Readers’ wildlife photos

September 13, 2014 • 7:06 am

Reader Ed Kroc sent us a passel of photos from a recent trip to Canada:

Here are a few pictures from a trip last month up to Whistler, BC.  It’s known as an international ski destination (made famous recently by the 2010 Olympics), but in the summer it’s a convenient and beautiful place to do some alpine hiking.  Of course, there are many fascinating animals running around up there too!

First up, the Hoary Marmot (Marmota caligata), North America’s largest ground squirrel.  The town of Whistler actually derives its name from these guys: since they often emit high-pitched whistles in alarm, they are nicknamed “whistlers” or “whistle pigs.”  To me, they look like giant guinea pigs; they’re about twice the size of the Yellow-bellied Marmot (M. flaviventris) so common to the American west.

Hoary marmot chomping:

Hoary Marmot chomping

Hoary marmot spying:

Hoary Marmot spying
Next, a group of Melissa Blue Butterflies (Lycaeides melissa).  I’m only mostly positive about the ID since there are so many different species of butterfly that look superficially similar, it’s hard to be certain if you’re not an expert.  These tiny butterflies like to crowd together in large groups near the many mountain snowmelt streams.

Melissa's Blue

Kind of a weird name, Clark’s Nutcracker (Nucifraga columbiana) is a high mountain relative of the jays and corvids.  Apparently, they play a vital role in the creation and health of new pine forests: they bury thousands of pine seeds every summer, but don’t end up retrieving them all later.  This particular individual was hunting for lunch at the end of a dead-looking tree branch.  In the sequence of photos, you can see how well suited the beak is to a quick, precision dissection.

Clark's Nutcracker hunting

Clark's Nutcracker fishing

Clark's Nutcracker with lunch

Finally, I included a landscape, just because it was too beautiful a day not to share.  The shot was taken from Whistler Mountain, looking northeast toward Blackcomb Mountain.  The wildflowers were in full bloom, with lots of Indian Paintbrush (Castilleja sp.) hugging the banks of the snowmelt streams.

Alpine meadow

15 thoughts on “Readers’ wildlife photos

  1. Gorgeous, gorgeous, gorgeous Whistler. I am lucky enough to have my son living there and visited last July. Have been also in May and October. So many beautiful things to see there. Love the last shot on Whistler Mtn. You must have taken the Peak-to-Peak gondola at some point?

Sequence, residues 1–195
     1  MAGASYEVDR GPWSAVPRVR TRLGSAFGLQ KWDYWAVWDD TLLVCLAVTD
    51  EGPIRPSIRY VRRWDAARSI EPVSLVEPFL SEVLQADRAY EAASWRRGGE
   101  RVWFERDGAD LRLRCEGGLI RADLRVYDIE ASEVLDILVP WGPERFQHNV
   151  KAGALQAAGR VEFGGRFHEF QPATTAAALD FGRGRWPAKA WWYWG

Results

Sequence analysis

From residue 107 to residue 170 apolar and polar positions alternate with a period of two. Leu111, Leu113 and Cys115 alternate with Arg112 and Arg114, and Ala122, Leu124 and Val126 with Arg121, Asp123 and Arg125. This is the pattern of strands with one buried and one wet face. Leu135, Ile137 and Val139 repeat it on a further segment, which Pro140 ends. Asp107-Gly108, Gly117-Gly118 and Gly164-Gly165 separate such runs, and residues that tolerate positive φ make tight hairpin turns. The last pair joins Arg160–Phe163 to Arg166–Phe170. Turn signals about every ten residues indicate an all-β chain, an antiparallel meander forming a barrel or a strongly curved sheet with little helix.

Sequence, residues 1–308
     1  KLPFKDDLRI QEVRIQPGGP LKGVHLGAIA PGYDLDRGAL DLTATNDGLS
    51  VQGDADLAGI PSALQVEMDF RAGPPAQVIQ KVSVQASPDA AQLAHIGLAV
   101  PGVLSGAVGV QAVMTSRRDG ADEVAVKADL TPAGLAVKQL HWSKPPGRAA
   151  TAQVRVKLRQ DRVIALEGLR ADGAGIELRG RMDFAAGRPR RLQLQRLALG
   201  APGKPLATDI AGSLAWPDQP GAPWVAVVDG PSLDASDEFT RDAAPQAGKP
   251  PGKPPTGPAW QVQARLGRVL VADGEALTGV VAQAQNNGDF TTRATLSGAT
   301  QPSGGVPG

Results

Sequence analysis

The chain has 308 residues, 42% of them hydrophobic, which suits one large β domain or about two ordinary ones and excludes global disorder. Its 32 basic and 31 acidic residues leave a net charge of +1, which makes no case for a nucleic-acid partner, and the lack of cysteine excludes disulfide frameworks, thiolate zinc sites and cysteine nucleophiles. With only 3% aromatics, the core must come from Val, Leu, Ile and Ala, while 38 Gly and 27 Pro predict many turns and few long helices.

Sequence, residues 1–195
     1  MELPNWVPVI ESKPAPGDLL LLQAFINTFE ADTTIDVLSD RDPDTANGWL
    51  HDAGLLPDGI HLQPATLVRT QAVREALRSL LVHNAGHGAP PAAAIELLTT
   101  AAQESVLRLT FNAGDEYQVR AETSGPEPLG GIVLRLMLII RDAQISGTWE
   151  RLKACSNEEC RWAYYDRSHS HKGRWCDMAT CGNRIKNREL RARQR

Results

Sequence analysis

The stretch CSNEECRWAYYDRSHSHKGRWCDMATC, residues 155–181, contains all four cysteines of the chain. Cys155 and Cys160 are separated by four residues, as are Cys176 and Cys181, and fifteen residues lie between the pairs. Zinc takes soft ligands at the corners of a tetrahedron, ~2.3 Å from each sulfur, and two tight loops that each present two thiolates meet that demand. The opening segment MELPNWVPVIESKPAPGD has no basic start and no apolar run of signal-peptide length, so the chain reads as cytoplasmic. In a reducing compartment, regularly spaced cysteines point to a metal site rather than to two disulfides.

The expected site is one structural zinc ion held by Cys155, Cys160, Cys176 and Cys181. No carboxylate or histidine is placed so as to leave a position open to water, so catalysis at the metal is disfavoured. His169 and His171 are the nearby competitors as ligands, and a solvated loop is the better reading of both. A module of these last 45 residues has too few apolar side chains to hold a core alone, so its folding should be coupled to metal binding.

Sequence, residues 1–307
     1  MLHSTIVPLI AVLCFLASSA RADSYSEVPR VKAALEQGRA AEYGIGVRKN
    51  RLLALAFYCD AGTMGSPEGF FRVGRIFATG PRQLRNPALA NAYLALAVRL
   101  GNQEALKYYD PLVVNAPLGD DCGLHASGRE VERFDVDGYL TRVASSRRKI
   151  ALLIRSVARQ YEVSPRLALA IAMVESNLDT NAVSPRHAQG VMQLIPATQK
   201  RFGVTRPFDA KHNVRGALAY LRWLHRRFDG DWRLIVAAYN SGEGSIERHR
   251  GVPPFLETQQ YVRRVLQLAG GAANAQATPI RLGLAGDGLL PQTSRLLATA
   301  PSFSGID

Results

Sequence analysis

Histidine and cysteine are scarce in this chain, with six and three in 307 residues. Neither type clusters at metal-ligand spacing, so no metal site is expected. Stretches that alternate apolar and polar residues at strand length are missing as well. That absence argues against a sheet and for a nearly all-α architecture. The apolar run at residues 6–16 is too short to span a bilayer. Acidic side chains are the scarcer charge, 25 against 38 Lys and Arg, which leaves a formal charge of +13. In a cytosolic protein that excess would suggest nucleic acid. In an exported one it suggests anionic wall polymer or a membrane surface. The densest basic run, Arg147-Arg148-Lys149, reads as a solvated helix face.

1. Yes, the Peak-to-Peak Gondola is truly impressive, both for the views and the engineering. I love taking the open chairlifts up and down the mountains though; especially in the summer months, the sights, smells, and sounds are beautiful.

  2. That’s a lovely telephoto (looks like) landscape. 🙂

    And those butterflies are really out-of-this-world – LSD flashback sort of out-of-this-world. Thanks for sharing those!

    1. I’m still quite a noob – no telephoto magic yet! These pictures were all taken with a Canon Powershot SX50 HS. I like the camera, it’s very easy to use, but it doesn’t allow for switching out the lens unfortunately.

  3. Thank you for the butterfly ID. We had a bunch of those this summer, and I’d never seen them before, and wondered what they were.

    A little research tells me that they feed on lupine. We had a bumper crop of lupine this year, so that’s probably why they were here.


  4. Lovely photos! I think the butterfly is actually Anna’s Blue, Plebejus anna. They’re very similar but melissa is not typically found that far west. Also, the orange band on the forewing usually extends the full length of the wing on melissa, while it’s often incomplete on anna.

    1. Ahh, yes, I think you’re right! Thanks for that correction! Looking at some of my other photos too, the orange bands all look somewhat incomplete.

  5. The various species of blues are a member of a very large family of small butterflies. One interesting thing that is widespread in this family is that their caterpillars form various close associations with ants, and can often be seen, looking like a greenish slug, surrounded by their ant guardians b/c they provide honeydew secretions for ants. Many species in the family have taken this far, and are carried into the ant nests where they feed on ant larvae while still being protected.
    Maybe these blues, looking all cute and pretty, are really adult forms of social parasites.

Leave a Reply